Sullinger still not cleared to return
Ohio State's Jared Sullinger may miss his third straight game on Wednesday
Sullinger is a candidate for national player of the year for the No. 2 Buckeyes
Sullinger missed Ohio State's only loss of the season on Saturday at Kansas
COLUMBUS, Ohio (AP) -- Ohio State coach Thad Matta still isn't sure when injured star forward Jared Sullinger will play next.
"It's the progression we're trying to take in terms of step by step," he said of the pace at which Sullinger is being brought back from back spasms that have caused him to sit out the last two games. "As opposed to running the full marathon, we're going to warm up with a 5K and then get to a 10K."
The 6-foot-9 Sullinger is able to run, jump and shoot. But he still hasn't been cleared to play when the second-ranked Buckeyes (8-1) host South Carolina-Upstate on Wednesday night.
"You know me, I'm a guy that likes to not play guys a lot," Matta joked. "I don't know the answer. Hopefully I'll know more (after Tuesday's practice). Probably more of the tell-all (will be) in the morning, how he feels."
The Buckeyes suffered their first loss of the season on Saturday at No. 13 Kansas, a 78-67 setback on one of the toughest home courts in the country. Maybe because they at least hung with the Jayhawks for most of the game despite Sullinger's absence, poll voters kept the Buckeyes in the No. 2 spot. Meanwhile, top-ranked Kentucky - which lost at Indiana on a 3-pointer at the buzzer - fell two spots to third. Syracuse climbed around Ohio State to the No. 1 position this week.
Point guard Aaron Craft said the Buckeyes learned a lot from their first defeat.
"Watching the tape, we played hard and we played with some good toughness, it being our first road game," he said. "But we made mistakes that we don't normally make. If Jared would have played and we made the same mistakes, they still would have won the game because we didn't play Ohio State basketball."
Swingman William Buford pointed to how the Buckeyes struggles with shooting led to letdowns at the other end.
"We have to learn from mistakes we had in our loss," he said. "Just valuing every possession, not taking any plays off and continuing to play defense and let our defense lead to our offense. I feel the last game we weren't hitting shots and it affected our defense. We can't let that happen."
The Buckeyes, with just one senior (Buford) and one junior (Sullinger's fill-in, Evan Ravenel) on the roster, travel to play at South Carolina on Saturday.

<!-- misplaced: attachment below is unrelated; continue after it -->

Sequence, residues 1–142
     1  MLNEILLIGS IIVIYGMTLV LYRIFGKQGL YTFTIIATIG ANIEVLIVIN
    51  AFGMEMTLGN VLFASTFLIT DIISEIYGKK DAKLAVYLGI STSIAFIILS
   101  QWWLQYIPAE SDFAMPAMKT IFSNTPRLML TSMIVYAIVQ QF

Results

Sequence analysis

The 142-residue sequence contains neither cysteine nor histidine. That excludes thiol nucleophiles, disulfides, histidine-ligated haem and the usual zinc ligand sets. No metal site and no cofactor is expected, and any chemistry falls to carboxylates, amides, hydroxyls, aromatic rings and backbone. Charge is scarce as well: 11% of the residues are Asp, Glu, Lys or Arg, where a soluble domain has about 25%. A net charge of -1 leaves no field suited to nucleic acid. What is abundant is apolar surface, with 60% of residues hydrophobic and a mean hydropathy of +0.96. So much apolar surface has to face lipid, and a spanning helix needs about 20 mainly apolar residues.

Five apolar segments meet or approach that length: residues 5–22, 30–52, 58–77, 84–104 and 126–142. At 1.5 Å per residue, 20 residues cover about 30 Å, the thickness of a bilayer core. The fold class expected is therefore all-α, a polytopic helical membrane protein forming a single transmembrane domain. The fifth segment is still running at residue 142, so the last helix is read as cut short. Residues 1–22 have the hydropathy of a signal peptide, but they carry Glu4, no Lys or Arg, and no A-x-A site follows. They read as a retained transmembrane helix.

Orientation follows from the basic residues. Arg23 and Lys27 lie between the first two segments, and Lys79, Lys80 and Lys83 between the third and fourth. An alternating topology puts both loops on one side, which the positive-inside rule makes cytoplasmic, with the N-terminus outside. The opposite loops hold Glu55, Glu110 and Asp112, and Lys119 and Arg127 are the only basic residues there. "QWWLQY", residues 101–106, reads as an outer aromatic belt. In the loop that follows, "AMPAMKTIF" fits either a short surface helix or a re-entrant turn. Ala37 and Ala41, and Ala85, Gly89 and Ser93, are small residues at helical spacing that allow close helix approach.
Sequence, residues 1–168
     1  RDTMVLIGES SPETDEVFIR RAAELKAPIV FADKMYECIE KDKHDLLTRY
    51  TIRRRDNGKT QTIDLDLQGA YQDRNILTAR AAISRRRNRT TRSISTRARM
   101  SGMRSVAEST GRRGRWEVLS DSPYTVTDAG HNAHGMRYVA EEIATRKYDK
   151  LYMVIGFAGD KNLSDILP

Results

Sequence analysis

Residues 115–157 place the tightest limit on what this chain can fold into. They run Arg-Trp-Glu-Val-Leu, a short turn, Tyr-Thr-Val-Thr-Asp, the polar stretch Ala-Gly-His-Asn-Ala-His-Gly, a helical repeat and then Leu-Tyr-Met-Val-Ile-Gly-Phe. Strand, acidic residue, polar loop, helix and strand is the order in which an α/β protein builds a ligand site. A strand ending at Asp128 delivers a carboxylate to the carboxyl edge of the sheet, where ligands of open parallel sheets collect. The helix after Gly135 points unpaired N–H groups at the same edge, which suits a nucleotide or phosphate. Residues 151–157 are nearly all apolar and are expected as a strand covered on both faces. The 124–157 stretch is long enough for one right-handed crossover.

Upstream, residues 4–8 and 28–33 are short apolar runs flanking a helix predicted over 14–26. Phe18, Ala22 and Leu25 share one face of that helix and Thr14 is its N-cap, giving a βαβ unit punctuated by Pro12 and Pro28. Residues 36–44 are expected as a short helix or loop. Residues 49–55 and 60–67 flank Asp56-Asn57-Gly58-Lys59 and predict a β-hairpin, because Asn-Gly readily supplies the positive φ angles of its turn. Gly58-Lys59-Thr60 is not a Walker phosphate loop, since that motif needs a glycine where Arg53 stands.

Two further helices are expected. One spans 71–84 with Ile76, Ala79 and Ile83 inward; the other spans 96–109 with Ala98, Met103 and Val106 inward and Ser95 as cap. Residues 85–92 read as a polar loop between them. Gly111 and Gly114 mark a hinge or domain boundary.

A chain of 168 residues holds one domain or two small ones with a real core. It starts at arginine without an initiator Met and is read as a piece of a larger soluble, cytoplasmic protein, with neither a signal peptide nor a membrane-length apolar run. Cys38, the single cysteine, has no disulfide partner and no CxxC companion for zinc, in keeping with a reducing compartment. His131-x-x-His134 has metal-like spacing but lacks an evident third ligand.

Matta said one thing he has insisted on in the wake of the Kansas loss is that everyone must be responsible for the team's play and cannot rely on tired excuses.
"The message is still being heard loud and clear that we don't believe we played as well as we could possibly play. Not that we were going to win the basketball game, but the mistakes that we made have got to be corrected," he said. "There's a standard that we want to operate by. Just like making the excuse that we're a really, really young basketball team, or making the excuse that Jared Sullinger didn't play for us - we can't do that. We have to accept the responsibility of the actions that we had and they weren't all as good as they needed to be in order to have a chance to win that game."
Standout freshman LaQuinton Ross, who rejoined the team Sunday after clearing up some academic questions, practiced with the Buckeyes for the first time on Monday. Even with Sullinger possibly out or limited, it is unlikely that Ross will be ready to see much or any action until he gets more accustomed to the playbook and what is expected defensively.
"Unfortunately, he just doesn't have the foundation. It was really hard to even tell he was out there from that standpoint; it wasn't like he made all these great plays, or anything like that," Matta said of Ross' first practice. "The good thing for us is `Q' does have a high basketball IQ, and he asks a lot of questions. But we've got something going on here and he has to find his niche, and find his way to the court."
Copyright 2011 Associated Press. All rights reserved. This material may not be published, broadcast, rewritten, or redistributed.